The Good, the Bad and the Ugly (Peru)- part 1

“In the variety of its charms and the power of its spell, I know of no place in the world which can compare with it. Not only has it great snow peaks looming above the clouds more than two miles overhead, gigantic precipices of many-colored granite rising sheer for thousands of feet above the foaming, glistening, roaring rapids; it has also, in striking contrast, orchids and tree ferns, the delectable beauty of luxurious vegetation, and the mysterious witchery of the jungle.” ~┬áHiram Bingham

With a trip to Peru on the horizon, we were thrilled and excited much like every other time we travel. Little did we know what awaited us on our first trip to South America. Having Machu Picchu on ‘My bucket is half-full’ list prompted our visit and the history and mystery of the site drew us in just like so many other visitors. Throngs of daily visitors take the Hiram Bingham Highway from Aguas Calientes up the side of Machu Picchu in a winding, 5 mile stretch but having such a love of the outdoors, the Wellners would have no part of it. Our adventure would start 26 miles and 4 days away on the Inca Trail.

When someone says ‘I’m hiking the Inca Trail’, they don’t mean that there is only one trail, rather, El Camino Inca is a system of trails that unite at Machu Picchu. There are places where the trail has obviously been reconstructed but there are many miles that feature the original stone paving. Cool. Many liken the trail to the ancient roads of Egypt and Rome, but the trail is often wider than these ancient structures, a point that Peruvians are more than happy to point out.

After an exhaustive search of trekking companies we were satisfied with the services and consistently good reviews of Llama Path. Sustainable tourism is the new buzz word in the tourism industry with good cause. The increasing level of people who travel to sites off the beaten path run the risk of destroying these sites before they can be properly experienced and explored. The Peruvian government took control of Machu Picchu and its surrounding area in 2000 and have made significant improvements as well as regulations to protect the trail, the site and those who utilize it as recreation or as their home. Yes, there are many people who still actually live in these mountains and have been for centuries. Imagine that.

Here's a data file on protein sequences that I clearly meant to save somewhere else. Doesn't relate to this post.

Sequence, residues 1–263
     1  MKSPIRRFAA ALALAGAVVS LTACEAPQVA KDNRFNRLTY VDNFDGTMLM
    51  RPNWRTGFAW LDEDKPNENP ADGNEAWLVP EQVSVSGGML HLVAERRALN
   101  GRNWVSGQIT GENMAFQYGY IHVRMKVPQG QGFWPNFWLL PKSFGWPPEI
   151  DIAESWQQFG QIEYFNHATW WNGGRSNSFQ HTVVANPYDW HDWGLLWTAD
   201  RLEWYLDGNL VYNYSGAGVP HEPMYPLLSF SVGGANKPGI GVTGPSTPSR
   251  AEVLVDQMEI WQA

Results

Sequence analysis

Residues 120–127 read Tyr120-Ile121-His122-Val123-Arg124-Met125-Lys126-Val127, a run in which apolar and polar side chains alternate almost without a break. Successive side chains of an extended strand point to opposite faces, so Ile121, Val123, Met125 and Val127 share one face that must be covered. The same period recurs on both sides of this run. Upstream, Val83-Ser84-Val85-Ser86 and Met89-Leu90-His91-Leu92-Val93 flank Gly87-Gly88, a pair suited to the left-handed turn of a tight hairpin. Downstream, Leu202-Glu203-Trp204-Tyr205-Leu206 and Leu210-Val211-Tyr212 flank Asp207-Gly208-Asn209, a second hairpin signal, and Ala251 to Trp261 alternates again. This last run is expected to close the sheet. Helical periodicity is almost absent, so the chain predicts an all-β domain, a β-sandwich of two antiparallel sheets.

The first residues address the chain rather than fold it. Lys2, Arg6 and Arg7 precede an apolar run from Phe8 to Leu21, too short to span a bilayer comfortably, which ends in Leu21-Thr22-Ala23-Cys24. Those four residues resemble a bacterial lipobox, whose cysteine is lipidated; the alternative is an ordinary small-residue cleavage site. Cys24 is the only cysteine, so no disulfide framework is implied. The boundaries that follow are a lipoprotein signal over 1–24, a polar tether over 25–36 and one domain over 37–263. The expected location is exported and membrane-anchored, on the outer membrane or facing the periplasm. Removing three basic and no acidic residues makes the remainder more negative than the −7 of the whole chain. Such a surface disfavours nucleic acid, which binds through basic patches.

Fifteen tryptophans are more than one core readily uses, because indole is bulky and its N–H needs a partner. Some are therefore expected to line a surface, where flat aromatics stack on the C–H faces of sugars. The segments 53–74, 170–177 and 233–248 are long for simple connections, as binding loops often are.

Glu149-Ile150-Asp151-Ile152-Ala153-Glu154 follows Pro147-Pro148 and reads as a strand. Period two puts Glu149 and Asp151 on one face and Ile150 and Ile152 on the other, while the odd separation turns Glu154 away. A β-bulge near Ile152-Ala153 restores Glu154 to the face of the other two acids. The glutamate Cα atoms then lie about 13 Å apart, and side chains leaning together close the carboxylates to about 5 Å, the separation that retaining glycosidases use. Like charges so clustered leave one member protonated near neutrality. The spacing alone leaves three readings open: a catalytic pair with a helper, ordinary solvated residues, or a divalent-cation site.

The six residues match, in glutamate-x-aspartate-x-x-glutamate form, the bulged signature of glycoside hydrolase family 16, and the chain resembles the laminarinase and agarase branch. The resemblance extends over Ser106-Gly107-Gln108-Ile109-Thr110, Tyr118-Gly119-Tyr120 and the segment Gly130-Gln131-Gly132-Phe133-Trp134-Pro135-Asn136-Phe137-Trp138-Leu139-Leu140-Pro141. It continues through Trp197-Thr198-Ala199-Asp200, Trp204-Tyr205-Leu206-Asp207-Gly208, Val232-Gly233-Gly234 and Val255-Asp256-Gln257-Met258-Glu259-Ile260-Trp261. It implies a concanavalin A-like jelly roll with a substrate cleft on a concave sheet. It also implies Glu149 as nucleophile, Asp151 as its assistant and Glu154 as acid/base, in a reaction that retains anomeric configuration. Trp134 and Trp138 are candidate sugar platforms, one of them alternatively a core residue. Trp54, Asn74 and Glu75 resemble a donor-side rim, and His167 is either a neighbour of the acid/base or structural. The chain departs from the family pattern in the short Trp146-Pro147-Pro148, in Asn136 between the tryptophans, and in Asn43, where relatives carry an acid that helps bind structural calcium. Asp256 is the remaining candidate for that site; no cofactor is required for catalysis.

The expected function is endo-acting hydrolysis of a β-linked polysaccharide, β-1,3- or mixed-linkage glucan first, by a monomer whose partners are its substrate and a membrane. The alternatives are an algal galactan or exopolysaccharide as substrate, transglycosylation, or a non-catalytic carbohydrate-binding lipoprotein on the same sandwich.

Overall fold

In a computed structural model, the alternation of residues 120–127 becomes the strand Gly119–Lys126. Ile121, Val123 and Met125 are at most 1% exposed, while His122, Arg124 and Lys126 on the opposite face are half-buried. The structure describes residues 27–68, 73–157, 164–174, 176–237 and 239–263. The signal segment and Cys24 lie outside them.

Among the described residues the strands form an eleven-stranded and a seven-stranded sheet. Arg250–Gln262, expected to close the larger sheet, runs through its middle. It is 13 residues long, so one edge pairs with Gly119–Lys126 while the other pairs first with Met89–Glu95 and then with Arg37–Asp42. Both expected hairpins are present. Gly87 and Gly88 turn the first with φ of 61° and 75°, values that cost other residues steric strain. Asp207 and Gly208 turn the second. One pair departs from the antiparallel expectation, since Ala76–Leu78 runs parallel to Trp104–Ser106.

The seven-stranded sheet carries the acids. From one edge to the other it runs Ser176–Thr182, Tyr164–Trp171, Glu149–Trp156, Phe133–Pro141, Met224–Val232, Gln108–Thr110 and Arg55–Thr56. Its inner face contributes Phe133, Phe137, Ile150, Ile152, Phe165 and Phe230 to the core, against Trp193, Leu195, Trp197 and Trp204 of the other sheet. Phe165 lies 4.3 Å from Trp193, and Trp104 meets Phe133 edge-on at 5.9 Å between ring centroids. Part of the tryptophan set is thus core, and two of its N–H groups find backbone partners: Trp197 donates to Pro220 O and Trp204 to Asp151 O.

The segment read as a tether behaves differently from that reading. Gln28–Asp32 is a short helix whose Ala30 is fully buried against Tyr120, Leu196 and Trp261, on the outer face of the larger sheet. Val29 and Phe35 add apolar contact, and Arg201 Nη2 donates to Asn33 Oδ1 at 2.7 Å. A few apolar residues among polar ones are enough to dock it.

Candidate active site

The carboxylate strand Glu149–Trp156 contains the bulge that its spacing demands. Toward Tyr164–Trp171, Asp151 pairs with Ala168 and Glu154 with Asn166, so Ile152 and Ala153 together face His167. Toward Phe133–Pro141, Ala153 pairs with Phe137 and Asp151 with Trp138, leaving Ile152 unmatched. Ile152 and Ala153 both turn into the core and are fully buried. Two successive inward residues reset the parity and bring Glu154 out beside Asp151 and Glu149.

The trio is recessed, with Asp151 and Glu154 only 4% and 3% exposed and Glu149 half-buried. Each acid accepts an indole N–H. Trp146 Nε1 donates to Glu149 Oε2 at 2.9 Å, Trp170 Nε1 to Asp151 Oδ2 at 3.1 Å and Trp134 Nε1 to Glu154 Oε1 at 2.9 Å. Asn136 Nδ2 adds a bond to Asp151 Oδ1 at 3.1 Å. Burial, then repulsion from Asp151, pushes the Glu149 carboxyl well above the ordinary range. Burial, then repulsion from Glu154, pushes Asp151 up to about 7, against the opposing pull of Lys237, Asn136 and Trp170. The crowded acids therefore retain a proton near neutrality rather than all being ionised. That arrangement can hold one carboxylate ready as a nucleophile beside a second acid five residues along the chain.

In its on-going efforts to sustain the terrain, history and tradition of the trail and Machu Picchu, the government has imposed several new restrictions since their acquisition of the lands and services. Only 500 people are allowed on the trail each day. This number includes trekkers, guides and porters and compared to all the people who want to experience the trail, we felt very lucky to be a part of the system having booked 6 months earlier to secure our spot. The government has also implemented regrowth projects, trail maintenance as well as wildlife preservation and conservation to enhance the local eco system. On the human front, the treatment of porters is of great concern as many companies in the past have treated them poorly. Companies are now required to offer a livable wage, proper clothing, quality food and adequate accommodations while on the trail and porters’ packs are weighed upon entering the trail as to deter over-loading of any individual. Fines and penalties are strictly enforced so the tour companies are happy to oblige with the emerging regulations. With all these facts in place, we felt confident that we had made the right choice of tour company and were ready to tackle the behemoth before us. The Inca Trail to Machu Picchu…

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